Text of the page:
New Bill Aims to Address Gaping Holes in IoT Security
A bipartisan group of U.S. senators is hopeful that new legislation could fill holes in the way Internet of Things (IoT) devices are secured – typically as an afterthought – at least for public sector buyers.
The new bill, introduced on Tuesday, would require vendors that provide connected equipment to the U.S. government ensure products are patchable and meet industry security standards, according to Reuters.
Under this bill, devices that have unchangeable passwords or possess known security vulnerabilities would be banned from government use. It would also allow federal agencies to ask the U.S. Office of Management and Budget for permission to buy non-compliant devices if other controls were in place, Reuters reports.
Republicans Cory Gardner and Steve Daines and Democrats Mark Warner and Ron Wyden are sponsoring the legislation.
“While I’m tremendously excited about the innovation and productivity that Internet-of-Things devices will unleash, I have long been concerned that too many Internet-connected devices are being sold without appropriate safeguards and protections in place,” Sen. Warner said in a statement. “This legislation would establish thorough, yet flexible, guidelines for Federal Government procurements of connected devices. My hope is that this legislation will remedy the obvious market failure that has occurred and encourage device manufacturers to compete on the security of their products.”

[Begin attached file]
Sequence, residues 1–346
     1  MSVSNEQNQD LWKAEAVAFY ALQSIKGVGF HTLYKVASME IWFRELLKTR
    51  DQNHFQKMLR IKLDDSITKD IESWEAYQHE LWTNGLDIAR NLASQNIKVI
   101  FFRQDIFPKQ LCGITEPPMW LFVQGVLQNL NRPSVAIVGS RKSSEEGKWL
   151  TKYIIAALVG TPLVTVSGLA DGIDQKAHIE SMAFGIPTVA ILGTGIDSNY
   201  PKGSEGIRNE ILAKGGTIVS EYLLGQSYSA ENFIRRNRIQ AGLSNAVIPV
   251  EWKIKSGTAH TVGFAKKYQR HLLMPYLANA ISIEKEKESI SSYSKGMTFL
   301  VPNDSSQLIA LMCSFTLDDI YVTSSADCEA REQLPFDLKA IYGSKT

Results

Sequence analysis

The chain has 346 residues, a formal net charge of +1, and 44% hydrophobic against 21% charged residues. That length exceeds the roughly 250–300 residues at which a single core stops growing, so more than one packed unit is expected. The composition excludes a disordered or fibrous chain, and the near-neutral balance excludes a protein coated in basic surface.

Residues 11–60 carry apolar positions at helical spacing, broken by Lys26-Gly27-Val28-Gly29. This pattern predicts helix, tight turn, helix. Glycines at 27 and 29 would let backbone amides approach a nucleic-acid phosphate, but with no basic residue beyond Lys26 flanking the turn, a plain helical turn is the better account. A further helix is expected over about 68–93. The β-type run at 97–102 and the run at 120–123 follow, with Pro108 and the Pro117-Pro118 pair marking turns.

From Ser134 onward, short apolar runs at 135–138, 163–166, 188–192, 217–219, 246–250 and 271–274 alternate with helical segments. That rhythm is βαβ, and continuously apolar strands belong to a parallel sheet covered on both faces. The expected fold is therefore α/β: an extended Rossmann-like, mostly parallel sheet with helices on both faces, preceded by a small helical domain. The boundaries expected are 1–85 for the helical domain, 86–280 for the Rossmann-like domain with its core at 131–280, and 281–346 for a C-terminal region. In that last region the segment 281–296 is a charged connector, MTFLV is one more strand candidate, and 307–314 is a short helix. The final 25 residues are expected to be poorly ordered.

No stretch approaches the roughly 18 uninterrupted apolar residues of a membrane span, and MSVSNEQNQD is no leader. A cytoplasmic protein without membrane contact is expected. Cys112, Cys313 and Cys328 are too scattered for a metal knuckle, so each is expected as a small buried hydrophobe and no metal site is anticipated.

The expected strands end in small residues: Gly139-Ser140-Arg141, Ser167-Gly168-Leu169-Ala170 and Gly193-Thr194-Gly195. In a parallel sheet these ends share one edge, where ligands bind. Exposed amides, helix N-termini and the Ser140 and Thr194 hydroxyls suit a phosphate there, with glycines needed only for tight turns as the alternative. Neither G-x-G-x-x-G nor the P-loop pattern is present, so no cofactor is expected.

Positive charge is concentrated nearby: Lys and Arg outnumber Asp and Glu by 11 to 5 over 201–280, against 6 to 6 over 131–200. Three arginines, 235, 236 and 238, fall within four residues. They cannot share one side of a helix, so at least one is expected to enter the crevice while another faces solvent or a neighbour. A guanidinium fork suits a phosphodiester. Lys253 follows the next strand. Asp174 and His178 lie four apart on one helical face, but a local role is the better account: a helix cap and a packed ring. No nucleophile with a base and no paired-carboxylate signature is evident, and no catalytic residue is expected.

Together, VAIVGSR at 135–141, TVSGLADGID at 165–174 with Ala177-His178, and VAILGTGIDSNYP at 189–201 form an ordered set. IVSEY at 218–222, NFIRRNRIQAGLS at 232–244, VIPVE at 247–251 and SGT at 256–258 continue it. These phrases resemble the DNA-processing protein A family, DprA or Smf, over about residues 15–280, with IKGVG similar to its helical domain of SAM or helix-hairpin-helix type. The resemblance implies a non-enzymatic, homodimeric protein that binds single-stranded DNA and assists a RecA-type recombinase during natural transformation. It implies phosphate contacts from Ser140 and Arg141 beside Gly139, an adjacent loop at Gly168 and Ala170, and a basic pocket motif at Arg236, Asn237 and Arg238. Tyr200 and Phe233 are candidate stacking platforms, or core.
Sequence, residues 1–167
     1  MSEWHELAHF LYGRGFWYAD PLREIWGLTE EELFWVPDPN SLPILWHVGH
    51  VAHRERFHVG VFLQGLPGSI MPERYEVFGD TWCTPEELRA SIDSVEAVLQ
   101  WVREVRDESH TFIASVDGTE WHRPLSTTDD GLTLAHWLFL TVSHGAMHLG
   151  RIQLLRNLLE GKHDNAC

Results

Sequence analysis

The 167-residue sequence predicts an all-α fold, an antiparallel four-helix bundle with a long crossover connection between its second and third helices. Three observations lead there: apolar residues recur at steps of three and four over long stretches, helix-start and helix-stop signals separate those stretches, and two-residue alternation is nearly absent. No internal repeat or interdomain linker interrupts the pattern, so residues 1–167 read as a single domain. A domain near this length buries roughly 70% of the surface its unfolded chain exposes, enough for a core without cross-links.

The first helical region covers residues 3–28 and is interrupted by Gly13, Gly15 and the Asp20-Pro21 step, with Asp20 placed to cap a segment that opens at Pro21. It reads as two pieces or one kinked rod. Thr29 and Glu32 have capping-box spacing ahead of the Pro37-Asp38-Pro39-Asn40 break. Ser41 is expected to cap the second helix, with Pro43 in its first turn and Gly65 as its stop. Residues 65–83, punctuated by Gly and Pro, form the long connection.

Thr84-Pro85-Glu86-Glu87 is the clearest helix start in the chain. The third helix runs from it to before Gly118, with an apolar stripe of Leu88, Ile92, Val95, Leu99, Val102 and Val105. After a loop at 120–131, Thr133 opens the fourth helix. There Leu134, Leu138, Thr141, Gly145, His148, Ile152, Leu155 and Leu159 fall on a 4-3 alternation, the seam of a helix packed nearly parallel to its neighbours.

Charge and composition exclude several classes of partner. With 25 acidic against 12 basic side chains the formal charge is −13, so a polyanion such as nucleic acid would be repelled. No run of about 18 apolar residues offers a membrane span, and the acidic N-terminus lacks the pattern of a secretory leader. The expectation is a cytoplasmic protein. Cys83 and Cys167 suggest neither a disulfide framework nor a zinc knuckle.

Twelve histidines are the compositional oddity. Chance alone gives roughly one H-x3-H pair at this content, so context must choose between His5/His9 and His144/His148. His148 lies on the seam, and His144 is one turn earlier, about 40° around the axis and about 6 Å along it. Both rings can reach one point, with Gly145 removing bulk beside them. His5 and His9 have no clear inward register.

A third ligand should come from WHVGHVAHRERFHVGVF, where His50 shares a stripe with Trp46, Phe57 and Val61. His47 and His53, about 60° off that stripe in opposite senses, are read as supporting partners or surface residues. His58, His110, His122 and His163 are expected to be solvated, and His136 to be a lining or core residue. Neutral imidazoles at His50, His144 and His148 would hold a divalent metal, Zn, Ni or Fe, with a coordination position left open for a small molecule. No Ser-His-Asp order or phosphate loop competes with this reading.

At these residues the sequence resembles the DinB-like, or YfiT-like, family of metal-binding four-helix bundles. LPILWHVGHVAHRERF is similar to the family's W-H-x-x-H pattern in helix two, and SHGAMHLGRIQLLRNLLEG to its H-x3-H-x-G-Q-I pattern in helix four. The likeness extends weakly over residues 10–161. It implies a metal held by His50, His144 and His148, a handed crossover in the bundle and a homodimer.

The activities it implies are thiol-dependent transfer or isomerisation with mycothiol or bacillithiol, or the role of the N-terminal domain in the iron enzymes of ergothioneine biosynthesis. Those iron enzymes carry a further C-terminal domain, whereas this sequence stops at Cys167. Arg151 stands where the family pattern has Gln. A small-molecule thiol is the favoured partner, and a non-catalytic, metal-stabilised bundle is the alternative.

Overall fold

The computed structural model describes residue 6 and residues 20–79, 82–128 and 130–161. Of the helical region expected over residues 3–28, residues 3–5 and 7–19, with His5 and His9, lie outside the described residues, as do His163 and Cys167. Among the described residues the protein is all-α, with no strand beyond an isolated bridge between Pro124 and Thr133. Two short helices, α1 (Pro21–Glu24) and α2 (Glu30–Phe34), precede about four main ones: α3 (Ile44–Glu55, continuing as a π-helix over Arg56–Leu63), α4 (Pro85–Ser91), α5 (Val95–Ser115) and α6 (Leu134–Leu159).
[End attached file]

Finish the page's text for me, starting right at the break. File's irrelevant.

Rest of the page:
The bill will also include protections for cyber researchers who are working in good faith to find IoT vulnerabilities, such as the recently discovered Devil’s Ivy.
In a recent survey of 500 IT executives, 48 percent of firms reported to have experienced at least one IoT security breach. Interestingly, companies that have not experienced a security breach have invested 65 percent more on IoT security than those who have been breached, according to the same report.
In the public sector, IoT is still in its infancy across the federal and local levels of government, and because it’s an emerging technology “it can be expensive and it is relatively untested,” according to Joshua New, policy analyst at the Center for Data Innovation in an interview with GovTech. And like any new technology, risks around security can make it even harder for the public sector to adopt.
Its supporters hope that this legislation could address that, even as they try to take the “lightest touch possible.”
“Through their spending power, governments can drive the focus and accelerate the adoption of IoT technologies and solutions. In aggregate, governments represent a huge global market,” said Maciej Kranz, who is the best-selling author of Building the Internet of Things and Cisco’s vice president of the Corporate Technology Group.
“Their priorities, what they choose to buy, and what problems they choose to address can drive the roadmaps of IoT technology and solution providers. Military requirements, for example, have accelerated the technology development and adoption of drones, wearables, sensors (especially bio-sensors), and many IoT communication technologies.”
Indeed, the biggest spenders on IoT within the public sector are military and law enforcement. According to a report released last year by Govini, the “Department of Homeland Security and Department of Justice have tripled their spending on equipment and services related to the Internet of Things (IoT) over the past six years.”